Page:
We started out our morning with a warm and gentle breeze. I cinched up Stretch’s saddle. Who’d have known I’d almost freeze.
My father walked up to us said, “Your raincoat’s not tied on.” I gazed up to a clear, blue sky. Then mounted. We were gone.
I’d only worn a t-shirt, but my hat was pulled down tight. My hat would keep the rain off. Heck, I knew I’d be alright.
If I’d only known what really lay ahead of me that day. I’d have heeded all my father’s words. I darn sure had to pay.
By afternoon the sky turned black, for sure the dankest cold. I knew I was in trouble. Wished I’d done what I was told.
The cold dark clouds soon emptied out. They soaked me head to toe. The weather turned to hail and then the wind began to blow.
My mind was still coherent. I recalled what Father said. “Your horse will throw off heat. Just snuggle up. You won’t be dead.”
So, I wrapped myself around old Stretch. The heat was coming through. My saddle horse had saved me. Didn’t have to say adieu.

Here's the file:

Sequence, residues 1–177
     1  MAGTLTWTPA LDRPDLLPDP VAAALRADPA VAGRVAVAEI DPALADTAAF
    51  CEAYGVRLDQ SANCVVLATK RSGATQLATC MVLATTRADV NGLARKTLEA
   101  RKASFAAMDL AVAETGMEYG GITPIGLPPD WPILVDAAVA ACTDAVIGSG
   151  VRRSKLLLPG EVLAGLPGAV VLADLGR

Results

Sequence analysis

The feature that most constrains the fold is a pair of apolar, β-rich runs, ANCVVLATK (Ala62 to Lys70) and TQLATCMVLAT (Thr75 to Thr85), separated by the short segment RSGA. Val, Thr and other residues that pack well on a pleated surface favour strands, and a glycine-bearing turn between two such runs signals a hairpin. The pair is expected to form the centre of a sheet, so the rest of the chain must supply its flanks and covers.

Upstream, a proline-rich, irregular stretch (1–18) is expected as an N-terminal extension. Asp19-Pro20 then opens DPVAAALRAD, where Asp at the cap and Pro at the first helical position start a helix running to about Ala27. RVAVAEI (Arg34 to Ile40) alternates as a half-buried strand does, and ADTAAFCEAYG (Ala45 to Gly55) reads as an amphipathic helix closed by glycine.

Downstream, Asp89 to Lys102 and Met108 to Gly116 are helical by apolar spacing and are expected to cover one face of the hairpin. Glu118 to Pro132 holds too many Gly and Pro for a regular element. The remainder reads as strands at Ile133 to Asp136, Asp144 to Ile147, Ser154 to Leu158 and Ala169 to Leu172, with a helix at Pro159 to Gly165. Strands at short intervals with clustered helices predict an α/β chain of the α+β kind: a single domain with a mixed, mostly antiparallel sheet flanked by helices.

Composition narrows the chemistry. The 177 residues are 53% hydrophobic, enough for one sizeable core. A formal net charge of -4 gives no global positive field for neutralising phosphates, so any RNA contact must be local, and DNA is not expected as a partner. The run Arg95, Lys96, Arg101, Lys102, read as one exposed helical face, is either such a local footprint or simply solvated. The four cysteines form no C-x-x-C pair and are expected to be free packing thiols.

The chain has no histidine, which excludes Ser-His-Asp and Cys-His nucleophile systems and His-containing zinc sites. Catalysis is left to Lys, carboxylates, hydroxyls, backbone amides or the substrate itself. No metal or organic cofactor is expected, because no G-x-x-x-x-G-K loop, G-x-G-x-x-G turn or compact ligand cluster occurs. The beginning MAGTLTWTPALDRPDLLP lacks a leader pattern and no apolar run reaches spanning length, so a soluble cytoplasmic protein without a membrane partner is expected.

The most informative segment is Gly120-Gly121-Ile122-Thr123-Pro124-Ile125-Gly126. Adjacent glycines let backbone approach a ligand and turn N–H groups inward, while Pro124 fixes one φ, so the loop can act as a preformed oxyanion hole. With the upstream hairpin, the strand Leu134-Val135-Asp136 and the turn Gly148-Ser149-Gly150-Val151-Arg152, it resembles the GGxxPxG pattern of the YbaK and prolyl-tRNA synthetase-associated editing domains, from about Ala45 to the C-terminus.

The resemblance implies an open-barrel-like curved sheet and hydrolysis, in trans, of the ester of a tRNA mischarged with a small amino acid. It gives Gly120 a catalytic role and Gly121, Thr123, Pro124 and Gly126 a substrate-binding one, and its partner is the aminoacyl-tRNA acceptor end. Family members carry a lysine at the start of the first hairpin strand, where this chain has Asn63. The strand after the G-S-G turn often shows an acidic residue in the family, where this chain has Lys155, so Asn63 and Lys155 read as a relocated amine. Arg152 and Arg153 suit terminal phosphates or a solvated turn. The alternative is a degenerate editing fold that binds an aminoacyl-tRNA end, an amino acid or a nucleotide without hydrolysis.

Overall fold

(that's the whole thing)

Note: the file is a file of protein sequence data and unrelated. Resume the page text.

Just then I heard a tree branch snap. I saw my father’s face. He came riding in on Shortcut and I yelled out words of grace.
He didn’t have to say a word. His look plumb pierced my soul. He tossed a coat and slicker. Didn’t offer an earful.
Well, that was fifty years ago. It seems like yesterday. Now I always tie a raincoat even on a sunny day.
‘Cuz the coldest that I’ve been was 1969 July. The mountains ain’t forgiving and I dang near said, “Goodbye.”
And when the other cowboys say, “You carry too much gear.” I think about that day and know I’m lucky to be here.